New Orleans - Summer's here are brutal, but imagine what life was like before air conditioning.
At the Gallier House on Royal Street, you can see how New Orleanians stayed cool in the 1800's!
Before the age of central air, people had to work to keep their houses cool and during the summer months they had to stop the environment from ruining their belongings.
"In New Orleans, late May early June, is when New Orleans housewives would oversee a complete transformation of their homes," says Peter Dandridge who is a curator with the Gallier House.
It started with moving furniture out of the way so they could get to the carpet.
"Once the furniture is gone, bust the seams, take up all the tacks, drag all the strips of carpet to the back, where they will beat them, clean them, roll them and then store them away," says Dandridge.
From there grass mats were brought in and sewn together. Heavy bedding, drapes, and coverings that were useful during the winter, were taken down to allow the house to breathe.
Once the air is moving freely everyone needed to cover all the gold finishing in the house.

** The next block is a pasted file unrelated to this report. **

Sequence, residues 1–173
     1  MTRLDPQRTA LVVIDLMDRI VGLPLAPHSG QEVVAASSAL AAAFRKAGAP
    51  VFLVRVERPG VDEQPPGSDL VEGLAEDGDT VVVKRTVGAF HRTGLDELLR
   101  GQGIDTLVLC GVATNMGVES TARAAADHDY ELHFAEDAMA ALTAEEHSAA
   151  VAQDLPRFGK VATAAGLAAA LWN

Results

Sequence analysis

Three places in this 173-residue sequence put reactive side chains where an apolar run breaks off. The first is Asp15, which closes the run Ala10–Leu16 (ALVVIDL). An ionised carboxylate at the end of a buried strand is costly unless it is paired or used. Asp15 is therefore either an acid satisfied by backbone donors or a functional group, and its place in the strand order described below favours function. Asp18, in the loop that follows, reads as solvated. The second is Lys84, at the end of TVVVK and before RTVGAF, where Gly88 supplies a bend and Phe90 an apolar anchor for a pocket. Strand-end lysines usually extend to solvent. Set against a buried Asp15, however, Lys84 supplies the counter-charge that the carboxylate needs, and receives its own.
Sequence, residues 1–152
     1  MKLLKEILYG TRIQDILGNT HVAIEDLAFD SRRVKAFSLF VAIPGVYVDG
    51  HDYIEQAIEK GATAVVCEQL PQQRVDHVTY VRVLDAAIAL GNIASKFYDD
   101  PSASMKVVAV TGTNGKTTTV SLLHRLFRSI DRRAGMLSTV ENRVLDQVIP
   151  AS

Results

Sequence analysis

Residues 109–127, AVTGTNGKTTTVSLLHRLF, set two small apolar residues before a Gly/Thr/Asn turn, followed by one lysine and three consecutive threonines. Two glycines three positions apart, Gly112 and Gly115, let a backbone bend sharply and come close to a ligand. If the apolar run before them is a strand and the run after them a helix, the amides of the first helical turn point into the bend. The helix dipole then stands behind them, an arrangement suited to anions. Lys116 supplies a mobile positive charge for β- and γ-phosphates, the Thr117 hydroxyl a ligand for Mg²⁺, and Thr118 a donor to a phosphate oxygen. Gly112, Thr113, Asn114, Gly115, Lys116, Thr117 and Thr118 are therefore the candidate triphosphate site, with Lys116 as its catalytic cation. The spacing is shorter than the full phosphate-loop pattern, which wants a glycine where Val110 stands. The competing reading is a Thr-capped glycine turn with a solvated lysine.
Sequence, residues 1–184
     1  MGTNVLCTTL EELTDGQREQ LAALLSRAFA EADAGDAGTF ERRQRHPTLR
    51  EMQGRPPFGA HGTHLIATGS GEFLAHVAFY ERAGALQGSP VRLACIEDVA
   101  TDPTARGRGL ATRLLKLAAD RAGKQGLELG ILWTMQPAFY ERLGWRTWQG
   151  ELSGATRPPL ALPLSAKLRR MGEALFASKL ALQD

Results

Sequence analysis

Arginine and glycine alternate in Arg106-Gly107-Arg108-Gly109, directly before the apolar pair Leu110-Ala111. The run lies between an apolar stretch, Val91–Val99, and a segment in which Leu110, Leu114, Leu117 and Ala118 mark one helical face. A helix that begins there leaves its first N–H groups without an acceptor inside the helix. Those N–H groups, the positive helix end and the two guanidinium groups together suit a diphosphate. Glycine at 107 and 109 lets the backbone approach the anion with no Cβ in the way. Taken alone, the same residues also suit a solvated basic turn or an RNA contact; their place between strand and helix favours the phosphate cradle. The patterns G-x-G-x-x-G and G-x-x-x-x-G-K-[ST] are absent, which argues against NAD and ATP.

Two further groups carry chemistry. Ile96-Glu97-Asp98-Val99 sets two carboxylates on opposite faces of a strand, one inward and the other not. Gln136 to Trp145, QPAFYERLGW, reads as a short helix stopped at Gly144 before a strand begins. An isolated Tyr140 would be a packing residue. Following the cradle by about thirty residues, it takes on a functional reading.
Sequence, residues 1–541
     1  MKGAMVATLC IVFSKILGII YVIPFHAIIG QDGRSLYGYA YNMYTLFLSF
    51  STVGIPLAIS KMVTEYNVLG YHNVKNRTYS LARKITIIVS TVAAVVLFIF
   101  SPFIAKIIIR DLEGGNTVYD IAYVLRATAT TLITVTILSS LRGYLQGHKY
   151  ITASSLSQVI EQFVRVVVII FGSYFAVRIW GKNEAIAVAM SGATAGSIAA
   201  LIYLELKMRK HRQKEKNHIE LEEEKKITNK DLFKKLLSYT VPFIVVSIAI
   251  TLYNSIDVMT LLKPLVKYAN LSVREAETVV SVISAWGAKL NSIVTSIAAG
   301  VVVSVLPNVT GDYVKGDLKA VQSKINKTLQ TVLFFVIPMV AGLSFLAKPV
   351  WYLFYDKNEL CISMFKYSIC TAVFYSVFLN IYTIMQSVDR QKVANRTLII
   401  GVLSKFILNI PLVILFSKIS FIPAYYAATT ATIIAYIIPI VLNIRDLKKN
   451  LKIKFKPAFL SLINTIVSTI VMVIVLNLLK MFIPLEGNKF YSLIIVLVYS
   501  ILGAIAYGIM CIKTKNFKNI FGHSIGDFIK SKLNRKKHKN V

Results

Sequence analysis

"You wrap these because flies on gold cause black specks and pitting. They ruin the finish. Many people are familiar with the term fly spots or fly specks. But, it's actually caused by flies on gold. It actually has to do with their eating and digestive processes," says Dandridge.
Even though your home by the end of the process, the house would usually look haunted.
Don't worry though, no one was having any parties in this heat.
"There's no formal entertaining. No big entertaining is occuring in urban areas during the summer season.It's just too hot," says Dandridge.
The whole process of flipping the home from winter to summer would take a few weeks to finish.